Of the tyrant red school bell

As they march the extra mile

 

But I knew who they were

I knew what they would say

they would make truth a blur

And then society would decay

But I was prepared for the fight

For I knew well the church aisle

And God’s word was my delight

And I knew everything would be alright

As I marched the extra mile

 

I knew their lies well,

their infamous tools of trade,

And I had been taught to dispel

That dull over-used blade.

Taught by the ones seasoned in war

Who were there next to me in the church aisle

Who I will always adore

who taught me darkness to abhor

As they marched the extra mile

 

My parents were there ready to fight

Strong and confident

That they had done right

And in good deeds they were opulent

They knew how the world would be

in this new lifestyle

And they to this would not agree

Because they looked out for me

as they marched the extra mile

 

They understood me completely

My strength and weakness

And they felt for me deeply

And knew what it meant to be weakest

And they cared for my future

So they told me to hate the vile

And try to be a producer

And because they were my tutor

I now walk the extra mile

 

Their words are my guide

Through this mountainous valley

And as I walk in their stride

I miss those years badly

Though the fight rages on

I miss them in the aisle

and though they are now withdrawn

I have been called upon

To march the extra mile

 

This war is not new to me,

And I shall march with pride,

As I go to join the free

And we shall ride side-by-side.

Our differences we shall cast aside,

The holy word will be our guide,

With confidence in our every stride.

For Light and darkness will collide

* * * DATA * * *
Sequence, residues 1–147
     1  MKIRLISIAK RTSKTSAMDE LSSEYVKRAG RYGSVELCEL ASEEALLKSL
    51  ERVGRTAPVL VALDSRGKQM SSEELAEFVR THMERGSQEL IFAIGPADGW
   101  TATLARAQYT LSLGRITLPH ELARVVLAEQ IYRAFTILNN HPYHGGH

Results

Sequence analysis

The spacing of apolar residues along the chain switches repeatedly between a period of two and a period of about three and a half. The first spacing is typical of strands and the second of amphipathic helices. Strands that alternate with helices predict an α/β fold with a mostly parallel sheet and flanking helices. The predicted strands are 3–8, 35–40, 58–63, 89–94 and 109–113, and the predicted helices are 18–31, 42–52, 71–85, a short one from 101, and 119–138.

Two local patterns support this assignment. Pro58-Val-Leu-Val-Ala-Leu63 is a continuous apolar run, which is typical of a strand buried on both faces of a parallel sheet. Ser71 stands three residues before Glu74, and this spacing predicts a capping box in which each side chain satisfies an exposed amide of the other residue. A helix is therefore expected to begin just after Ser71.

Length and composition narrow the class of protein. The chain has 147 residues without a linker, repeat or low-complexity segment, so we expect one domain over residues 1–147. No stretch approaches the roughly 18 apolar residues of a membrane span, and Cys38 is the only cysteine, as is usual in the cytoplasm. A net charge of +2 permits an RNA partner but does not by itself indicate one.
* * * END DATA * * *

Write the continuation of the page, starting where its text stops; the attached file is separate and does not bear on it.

Across the whole worldwide

And darkness will be split wide

As we gloriously, victoriously ride

the extra mile

~N

Dear Mother –

If I could give you diamonds

for each tear you’ve cried;

If I could give you sapphires

for each truth you’ve helped me see;

If I could give you rubies

for the heartache that you’ve known,

If I could give you pearls

for the wisdom that you’ve shown.

Then you’d have a treasure; Mother,

That would mount up to the skies;

That would almost match the sparkle

in your kind and loving eyes.

But I have no pearls or diamonds,

as I’m sure your well aware,

So I’ll give you gifts more precious,

my devotion love and care.

love,

Moriah Renata (Not written by me)

A Poem of Contradictions

Ladies and jellyspoons, hobos and tramps,
cross-eyed mosquitos and bow-legged ants,
I stand before you to sit behind you
to tell you something I know nothing about.
Next Thursday, which is Good Friday,
there’s a Mother’s Day meeting for fathers only;
wear your best clothes if you haven’t any.
Please come if you can’t; if you can, stay at home.
Admission is free, pay at the door;
pull up a chair and sit on the floor.
It makes no difference where you sit,
the man in the gallery’s sure to spit.
The show is over, but before you go,
let me tell you a story I don’t really know.
One bright day in the middle of the night,
two dead boys got up to fight.
(The blind man went to see fair play;
the mute man went to shout “hooray!”)
Back to back they faced each other,
drew their swords and shot each other.
A deaf policeman heard the noise,
and came and killed the two dead boys.
A paralysed donkey passing by
kicked the blind man in the eye;
knocked him through a nine-inch wall,
into a dry ditch and drowned them all.
If you don’t believe this lie is true,
ask the blind man; he saw it too,
through a knothole in a wooden brick wall.
And the man with no legs walked away.

~Mr. Author Unknown